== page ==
In late 1979, Zoot Sims had a gig with his quartet at Gulliver’s in New Jersey. Turk Mauro went out to hear him, and Zoot invited Turk to sit in on the second set. Turk chose “Body and Soul” as his feature number, and got into such an emotional rendition that there were tears in his eyes when he finished. Turk cracked up when Zoot went to the microphone and said, “That was very nice, but you’re supposed to make the audience cry!”
Turk also told me of a backstage conversation with Zoot at the Village Vanguard. Zoot heard someone say something about feeling paranoid, and said, “I’m just the opposite…I have a feeling I’m following someone.” After everyone laughed, in order not to take undue credit for the line, Zoot said, “I heard that somewhere.”
Here are a couple that I picked up on the Internet: Jeff Thompson said he played a jazz gig with a small group at an old folks’ home. Afterward, many of the guests came to the bandstand to tell the musicians how much they had enjoyed the music. One lady said, “I knew ‘Makin’ Whoopee, and that other song, ‘Girl from Iwo Jima.’”
In response to Jeff’s post, Larry Routt replied, “I am now in an old folks’ home because of my wife’s condition. Recently I was telling an elderly lady that I had played in dance bands and did a big band radio show. She said, ‘Oh, that’s wonderful. When I was young my favorite song was ‘I’m a Dreamer, Montreal.’”
William Zinn tells me it has long been standard practice for symphonic musicians to warm up backstage before a performance using openings and tidbits from popular violin concertos. One day Zinn put together a short work for solo violin using the bits and snatches heard repeatedly backstage. Since he started the piece with the familiar opening of the Niccolo Paganini concerto in D Major, he gave it the name “Niccolo Concerto.” It consisted of one page of music. Zinn made a legible, large note original and had hundreds of copies made. He carried them in his violin case, along with tape, thumb tacks and glue, and whenever he played a concert, he posted his Niccolo Concerto backstage. After ten years it had become the most played work in the country. Now, 50 years later, it’s a collector’s item no longer found on backstage walls, but crumpled copies can still occasionally be found in old violin cases.
Joe Levinson, in Chicago, sent me this one: Guitarist Pat Ferreri asked Ron Kolber, the baritone sax virtuoso, if he had ever played the shofar. Ron said he wanted nothing to do with it because the performance scale hasn’t been raised in 5,000 years.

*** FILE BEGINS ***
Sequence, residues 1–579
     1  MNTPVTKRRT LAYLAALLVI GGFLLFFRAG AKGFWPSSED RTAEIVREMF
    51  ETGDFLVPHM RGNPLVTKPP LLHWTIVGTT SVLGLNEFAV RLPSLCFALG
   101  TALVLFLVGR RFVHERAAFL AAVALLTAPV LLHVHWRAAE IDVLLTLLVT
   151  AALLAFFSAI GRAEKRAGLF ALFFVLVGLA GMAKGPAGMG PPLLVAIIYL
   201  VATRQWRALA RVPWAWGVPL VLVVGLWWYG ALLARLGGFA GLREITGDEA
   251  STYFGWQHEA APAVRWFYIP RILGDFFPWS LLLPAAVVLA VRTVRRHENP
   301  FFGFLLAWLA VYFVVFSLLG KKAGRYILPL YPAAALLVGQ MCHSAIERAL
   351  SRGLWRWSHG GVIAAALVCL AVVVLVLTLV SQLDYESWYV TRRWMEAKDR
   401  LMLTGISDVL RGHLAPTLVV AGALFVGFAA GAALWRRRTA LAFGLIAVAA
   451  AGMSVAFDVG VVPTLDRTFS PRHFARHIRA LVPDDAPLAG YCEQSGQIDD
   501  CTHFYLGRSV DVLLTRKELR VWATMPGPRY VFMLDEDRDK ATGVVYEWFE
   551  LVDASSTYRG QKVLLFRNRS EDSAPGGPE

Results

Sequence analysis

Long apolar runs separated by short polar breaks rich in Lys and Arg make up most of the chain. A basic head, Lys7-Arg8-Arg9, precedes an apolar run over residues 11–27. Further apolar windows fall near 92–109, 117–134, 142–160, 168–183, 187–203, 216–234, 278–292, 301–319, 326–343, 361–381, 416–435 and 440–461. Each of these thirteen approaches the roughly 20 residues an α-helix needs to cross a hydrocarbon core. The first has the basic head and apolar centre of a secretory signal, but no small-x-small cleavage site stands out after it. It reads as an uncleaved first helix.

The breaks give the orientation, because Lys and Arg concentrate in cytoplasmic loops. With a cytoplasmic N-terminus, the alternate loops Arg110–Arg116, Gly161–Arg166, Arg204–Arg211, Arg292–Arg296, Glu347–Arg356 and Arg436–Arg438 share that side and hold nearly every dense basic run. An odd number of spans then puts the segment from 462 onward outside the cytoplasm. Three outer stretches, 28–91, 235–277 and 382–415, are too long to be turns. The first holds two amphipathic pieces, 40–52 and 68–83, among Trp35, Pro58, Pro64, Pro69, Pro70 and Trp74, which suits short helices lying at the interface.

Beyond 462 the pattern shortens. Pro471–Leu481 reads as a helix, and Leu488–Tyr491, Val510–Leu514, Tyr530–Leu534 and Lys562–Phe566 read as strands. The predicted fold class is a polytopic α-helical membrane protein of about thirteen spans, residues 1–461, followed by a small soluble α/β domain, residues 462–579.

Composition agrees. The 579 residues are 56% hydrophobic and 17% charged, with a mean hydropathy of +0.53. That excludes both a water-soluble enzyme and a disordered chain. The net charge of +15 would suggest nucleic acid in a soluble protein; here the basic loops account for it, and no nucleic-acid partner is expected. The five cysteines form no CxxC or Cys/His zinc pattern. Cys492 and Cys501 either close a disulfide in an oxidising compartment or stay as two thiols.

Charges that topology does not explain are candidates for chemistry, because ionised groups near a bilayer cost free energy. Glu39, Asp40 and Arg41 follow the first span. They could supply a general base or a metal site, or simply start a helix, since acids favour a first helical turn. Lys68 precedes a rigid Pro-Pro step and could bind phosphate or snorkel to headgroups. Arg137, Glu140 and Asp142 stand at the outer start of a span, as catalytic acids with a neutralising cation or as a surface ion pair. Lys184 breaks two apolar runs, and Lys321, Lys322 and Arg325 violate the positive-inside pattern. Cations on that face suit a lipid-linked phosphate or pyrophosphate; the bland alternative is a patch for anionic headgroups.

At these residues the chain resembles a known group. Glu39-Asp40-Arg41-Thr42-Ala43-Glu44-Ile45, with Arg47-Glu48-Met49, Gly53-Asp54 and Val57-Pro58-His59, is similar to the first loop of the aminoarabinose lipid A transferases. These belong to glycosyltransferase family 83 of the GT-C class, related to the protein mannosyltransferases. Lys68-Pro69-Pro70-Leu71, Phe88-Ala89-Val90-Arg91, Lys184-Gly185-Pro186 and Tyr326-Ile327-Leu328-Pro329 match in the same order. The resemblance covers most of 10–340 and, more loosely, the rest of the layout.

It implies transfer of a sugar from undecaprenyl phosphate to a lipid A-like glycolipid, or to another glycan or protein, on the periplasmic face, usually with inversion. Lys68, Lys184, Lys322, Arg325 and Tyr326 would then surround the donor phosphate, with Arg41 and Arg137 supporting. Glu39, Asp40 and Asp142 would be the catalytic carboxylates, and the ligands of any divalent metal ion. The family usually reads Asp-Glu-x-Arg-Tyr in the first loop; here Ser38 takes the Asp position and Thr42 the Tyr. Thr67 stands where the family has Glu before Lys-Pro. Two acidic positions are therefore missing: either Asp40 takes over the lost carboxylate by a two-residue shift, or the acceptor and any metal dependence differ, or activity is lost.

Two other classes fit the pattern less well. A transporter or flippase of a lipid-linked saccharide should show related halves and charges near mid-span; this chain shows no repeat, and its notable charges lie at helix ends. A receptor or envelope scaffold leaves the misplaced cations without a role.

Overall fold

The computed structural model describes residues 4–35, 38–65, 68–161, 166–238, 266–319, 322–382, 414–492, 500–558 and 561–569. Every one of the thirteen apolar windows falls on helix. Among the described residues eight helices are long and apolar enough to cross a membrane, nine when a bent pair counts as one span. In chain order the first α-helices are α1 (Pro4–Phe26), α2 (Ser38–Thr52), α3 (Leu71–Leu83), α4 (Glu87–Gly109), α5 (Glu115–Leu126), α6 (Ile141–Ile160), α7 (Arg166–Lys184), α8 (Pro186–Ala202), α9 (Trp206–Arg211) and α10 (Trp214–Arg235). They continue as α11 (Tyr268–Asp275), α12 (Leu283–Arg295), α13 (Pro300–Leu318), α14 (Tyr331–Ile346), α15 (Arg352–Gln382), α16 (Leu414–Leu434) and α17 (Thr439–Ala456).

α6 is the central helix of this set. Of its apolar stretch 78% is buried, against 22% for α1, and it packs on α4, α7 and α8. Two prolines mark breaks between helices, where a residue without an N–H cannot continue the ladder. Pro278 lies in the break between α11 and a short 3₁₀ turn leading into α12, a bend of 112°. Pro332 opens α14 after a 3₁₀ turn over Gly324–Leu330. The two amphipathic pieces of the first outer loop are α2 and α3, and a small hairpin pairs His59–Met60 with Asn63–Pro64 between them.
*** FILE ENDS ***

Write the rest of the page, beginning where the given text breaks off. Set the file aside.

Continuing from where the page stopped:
Ron DiCesare, the senior recording engineer over at Ultra-Sound, told me about a jingle date that was being done with a large orchestra. The ad agency’s client came in to listen, and during one of the sections he noticed that the French horns weren’t playing. He asked the producer about this and was told, “They are resting.” “Resting!” exclaimed the client. “Not on my time!”
Ron said that on another jingle date, during the mixing session, an agency client was trying to impress everyone with his knowledge of the recording process. When the producer said to the mixing engineer, “Add more reverb to the horns,” the client said, “Yeah, that’s what the horns need. Add more reverb to them.” The producer then asked the engineer, “How about brightening the vocal with a little 10k?” The agency guy chimed in, “Yeah, brighten up those vocals… 10k should do it.” Then the producer said, “Now, bring in the pizzicatos.” The agency guy looked around and said, “Who ordered the pizza-catos?”
I found the following one on the Internet, on a Web site called Composers Datebook. (For you lawyers out there, this is copyright American Public Media. All rights reserved. Reprinted with permission.)
Here it is:
Thursday, August 23. On today’s date in 1944, the Russian composer Igor Stravinsky completed an orchestral score he titled “Scenes de Ballet” or “Ballet Scenes.” Now, considering Stravinsky had achieved international fame for his earlier ballet scores for “The Firebird,” “Petrouchka” and “The Rite of Spring,” perhaps the generic title “Ballet Scenes” was not all that surprising. What was surprising was that the commission for this 1944 score came from an unusual source: Broadway.
New York impresario and nightclub owner Billy Rose had achieved fame the previous year for his Broadway production of “Carmen Jones.” Rose decided to capitalize on this popular success with something more “upscale and highbrow.” He conceived of a stage review titled “The Seven Lively Arts” and for the dance component decided to commission the most famous living composer of ballet scores, Igor Stravinsky, who was then living in Los Angeles.
Rose liked the score when he heard it played on the piano, but he thought Stravinsky’s orchestration a bit too far-out, and this led to a famous coast-to-coast telegraph exchange. After a preview performance in Philadelphia, Rose sent this message to Stravinsky: “Great success, but could be sensational success if you would authorize Robert Russell Bennett to retouch orchestration.”
Stravinsky telegraphed this reply to Billy Rose: “Satisfied with great success.”